Channel 13 fined by FCC for making ads look like news

The enforcement arm of the FCC has completed an investigation of KTNV-TV, Channel 13 and has fined the station $115,000 for broadcasting car dealership ads disguised as news “Special Reports.”

“Broadcasters are not allowed to deceive the public by presenting commercial announcements or other paid programming in the guise of news or editorial content,” said Travis LeBlanc, chief of the FCC’s Enforcement Bureau. “Transparency is especially crucial in a situation like this one where a pseudo news report invites viewers to rely on their perception of the station’s independence and objectivity when, in fact, the message has been bought and paid for by an undisclosed third party.”

Frankly, I don’t ever recall seeing one of those “Special News” — Who in their right mind watches Channel 13 “news” anyway? — but it doesn’t sound all that deceptive. I’m sure most people who’ve stopped believing in Santa Claus saw through the ruse. What about the First Amendment? Even if the airwaves are limited, which in this day and age is a joke.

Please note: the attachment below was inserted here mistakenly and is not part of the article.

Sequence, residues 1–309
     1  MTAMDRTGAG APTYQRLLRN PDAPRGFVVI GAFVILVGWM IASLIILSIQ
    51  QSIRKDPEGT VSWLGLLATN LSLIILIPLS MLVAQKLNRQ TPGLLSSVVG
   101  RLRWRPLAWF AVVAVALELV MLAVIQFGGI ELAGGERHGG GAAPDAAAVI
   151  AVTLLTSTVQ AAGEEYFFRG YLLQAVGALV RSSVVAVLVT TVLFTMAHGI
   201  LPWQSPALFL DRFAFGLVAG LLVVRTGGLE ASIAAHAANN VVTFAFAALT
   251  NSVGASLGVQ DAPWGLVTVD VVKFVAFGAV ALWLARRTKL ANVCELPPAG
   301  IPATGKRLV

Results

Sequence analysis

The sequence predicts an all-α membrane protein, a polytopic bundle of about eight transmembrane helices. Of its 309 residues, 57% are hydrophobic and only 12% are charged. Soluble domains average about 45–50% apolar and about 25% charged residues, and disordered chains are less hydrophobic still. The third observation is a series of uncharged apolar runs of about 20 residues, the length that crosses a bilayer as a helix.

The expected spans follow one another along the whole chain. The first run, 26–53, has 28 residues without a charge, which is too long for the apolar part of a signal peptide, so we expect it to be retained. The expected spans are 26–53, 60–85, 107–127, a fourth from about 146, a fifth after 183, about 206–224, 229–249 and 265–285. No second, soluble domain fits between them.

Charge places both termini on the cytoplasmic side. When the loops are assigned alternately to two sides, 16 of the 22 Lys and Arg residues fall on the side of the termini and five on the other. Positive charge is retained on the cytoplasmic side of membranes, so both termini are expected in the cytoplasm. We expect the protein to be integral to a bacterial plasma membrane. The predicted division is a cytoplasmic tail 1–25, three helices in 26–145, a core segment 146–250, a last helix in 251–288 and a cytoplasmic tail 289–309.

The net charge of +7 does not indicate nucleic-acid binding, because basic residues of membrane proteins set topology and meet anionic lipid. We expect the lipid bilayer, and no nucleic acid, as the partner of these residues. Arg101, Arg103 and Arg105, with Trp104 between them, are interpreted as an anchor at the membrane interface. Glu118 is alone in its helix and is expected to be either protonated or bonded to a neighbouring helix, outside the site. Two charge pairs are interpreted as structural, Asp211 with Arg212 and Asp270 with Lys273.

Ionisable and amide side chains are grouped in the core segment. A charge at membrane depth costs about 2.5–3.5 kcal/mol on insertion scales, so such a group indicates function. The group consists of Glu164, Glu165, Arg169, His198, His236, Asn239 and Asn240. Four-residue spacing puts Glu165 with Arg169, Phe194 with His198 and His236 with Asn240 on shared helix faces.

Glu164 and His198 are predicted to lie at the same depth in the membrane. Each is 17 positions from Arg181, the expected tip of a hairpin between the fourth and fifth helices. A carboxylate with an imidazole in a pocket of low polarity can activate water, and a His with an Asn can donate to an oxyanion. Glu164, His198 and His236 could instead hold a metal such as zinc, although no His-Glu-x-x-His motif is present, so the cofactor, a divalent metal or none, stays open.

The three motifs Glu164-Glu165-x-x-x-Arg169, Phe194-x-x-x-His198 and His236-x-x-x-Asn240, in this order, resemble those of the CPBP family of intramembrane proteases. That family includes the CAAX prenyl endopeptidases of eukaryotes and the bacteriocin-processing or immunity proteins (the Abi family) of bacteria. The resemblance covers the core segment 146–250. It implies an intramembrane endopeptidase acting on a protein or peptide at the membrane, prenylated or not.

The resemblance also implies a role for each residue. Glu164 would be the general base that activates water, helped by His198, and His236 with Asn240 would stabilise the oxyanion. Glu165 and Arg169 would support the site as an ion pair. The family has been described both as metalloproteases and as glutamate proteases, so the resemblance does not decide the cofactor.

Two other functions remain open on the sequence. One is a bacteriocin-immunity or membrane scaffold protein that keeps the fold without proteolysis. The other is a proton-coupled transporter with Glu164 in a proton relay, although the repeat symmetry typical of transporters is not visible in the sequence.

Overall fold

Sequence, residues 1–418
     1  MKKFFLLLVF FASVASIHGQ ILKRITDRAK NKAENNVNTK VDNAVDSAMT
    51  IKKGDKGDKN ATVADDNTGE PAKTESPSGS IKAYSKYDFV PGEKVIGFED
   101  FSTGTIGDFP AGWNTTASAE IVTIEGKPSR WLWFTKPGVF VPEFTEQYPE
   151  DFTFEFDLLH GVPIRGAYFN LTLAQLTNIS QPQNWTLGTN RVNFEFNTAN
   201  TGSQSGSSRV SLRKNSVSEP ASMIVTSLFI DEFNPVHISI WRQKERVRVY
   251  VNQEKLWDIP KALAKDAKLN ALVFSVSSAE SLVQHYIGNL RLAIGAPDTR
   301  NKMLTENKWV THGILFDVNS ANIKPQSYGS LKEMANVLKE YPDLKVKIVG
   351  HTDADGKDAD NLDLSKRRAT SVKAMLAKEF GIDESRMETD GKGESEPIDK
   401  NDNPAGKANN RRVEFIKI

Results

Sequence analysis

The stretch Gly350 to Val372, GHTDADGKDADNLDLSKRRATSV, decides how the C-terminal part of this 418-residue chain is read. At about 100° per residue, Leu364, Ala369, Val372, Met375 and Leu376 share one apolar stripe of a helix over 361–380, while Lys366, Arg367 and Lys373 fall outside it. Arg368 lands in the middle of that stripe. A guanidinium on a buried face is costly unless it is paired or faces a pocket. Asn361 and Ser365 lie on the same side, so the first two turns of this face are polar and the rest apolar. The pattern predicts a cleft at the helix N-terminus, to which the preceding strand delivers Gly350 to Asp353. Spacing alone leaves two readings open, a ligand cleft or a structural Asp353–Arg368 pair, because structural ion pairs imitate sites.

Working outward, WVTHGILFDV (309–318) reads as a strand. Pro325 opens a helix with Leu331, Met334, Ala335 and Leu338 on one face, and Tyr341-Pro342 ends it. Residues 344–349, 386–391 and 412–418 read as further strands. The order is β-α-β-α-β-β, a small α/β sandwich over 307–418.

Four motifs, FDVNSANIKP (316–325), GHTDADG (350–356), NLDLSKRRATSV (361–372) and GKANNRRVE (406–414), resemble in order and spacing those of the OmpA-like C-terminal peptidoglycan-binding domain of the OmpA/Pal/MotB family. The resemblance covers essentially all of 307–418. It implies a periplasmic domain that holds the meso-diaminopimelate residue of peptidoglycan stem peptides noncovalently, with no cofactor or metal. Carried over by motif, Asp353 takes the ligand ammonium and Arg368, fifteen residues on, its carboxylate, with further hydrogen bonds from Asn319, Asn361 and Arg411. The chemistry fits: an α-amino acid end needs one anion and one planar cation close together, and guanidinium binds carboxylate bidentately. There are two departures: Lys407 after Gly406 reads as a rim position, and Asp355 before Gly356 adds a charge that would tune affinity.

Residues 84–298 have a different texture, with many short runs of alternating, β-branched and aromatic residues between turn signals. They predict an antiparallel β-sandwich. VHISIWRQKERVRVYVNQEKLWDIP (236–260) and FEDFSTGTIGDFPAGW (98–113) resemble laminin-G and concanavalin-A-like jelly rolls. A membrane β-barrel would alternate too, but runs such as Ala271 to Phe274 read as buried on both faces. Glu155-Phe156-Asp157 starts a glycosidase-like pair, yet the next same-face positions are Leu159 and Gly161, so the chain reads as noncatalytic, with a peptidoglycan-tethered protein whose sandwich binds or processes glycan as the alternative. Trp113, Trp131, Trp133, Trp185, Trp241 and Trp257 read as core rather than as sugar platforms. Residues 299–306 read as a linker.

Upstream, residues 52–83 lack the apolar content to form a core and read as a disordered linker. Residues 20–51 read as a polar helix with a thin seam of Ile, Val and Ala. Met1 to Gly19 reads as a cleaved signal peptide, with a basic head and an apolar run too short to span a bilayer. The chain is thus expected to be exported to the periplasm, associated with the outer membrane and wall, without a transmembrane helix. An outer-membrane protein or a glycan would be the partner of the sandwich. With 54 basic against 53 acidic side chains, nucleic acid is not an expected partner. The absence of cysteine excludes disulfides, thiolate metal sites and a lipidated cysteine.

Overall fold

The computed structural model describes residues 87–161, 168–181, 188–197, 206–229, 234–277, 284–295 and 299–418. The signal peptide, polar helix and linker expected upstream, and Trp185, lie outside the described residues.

The FCC “uncovered” the fact an advertising agency paid Channel 13 to produce the “Special Reports” about liquidation sales at local Dodge, Chrysler, Jeep, Nissan, and Hyundai car dealerships in Las Vegas in 2009. The reports featured a KTNV staff person on location at the dealerships posing as a journalist.

The station, in addition to the fine, must implement a compliance plan and file compliance reports with the FCC every year for three years.

The local newspaper said station managers were not available for comment.

Neither were the newspaper’s managers available to comment on how relieved they are that there is no FCC oversight of newspapers.

The Society of Profession Journalists has an ethics code that includes:

Journalists should:

– Deny favored treatment to advertisers, donors or any other special interests, and resist internal and external pressure to influence coverage.

– Distinguish news from advertising and shun hybrids that blur the lines between the two. Prominently label sponsored content.

The code also says:

Journalists should:

– Expose unethical conduct in journalism, including within their organizations.

I don’t recall anyone blowing the whistle on Channel 13 back in 2009, but, like I said, who watched Channel 13? Perhaps this is one reason why.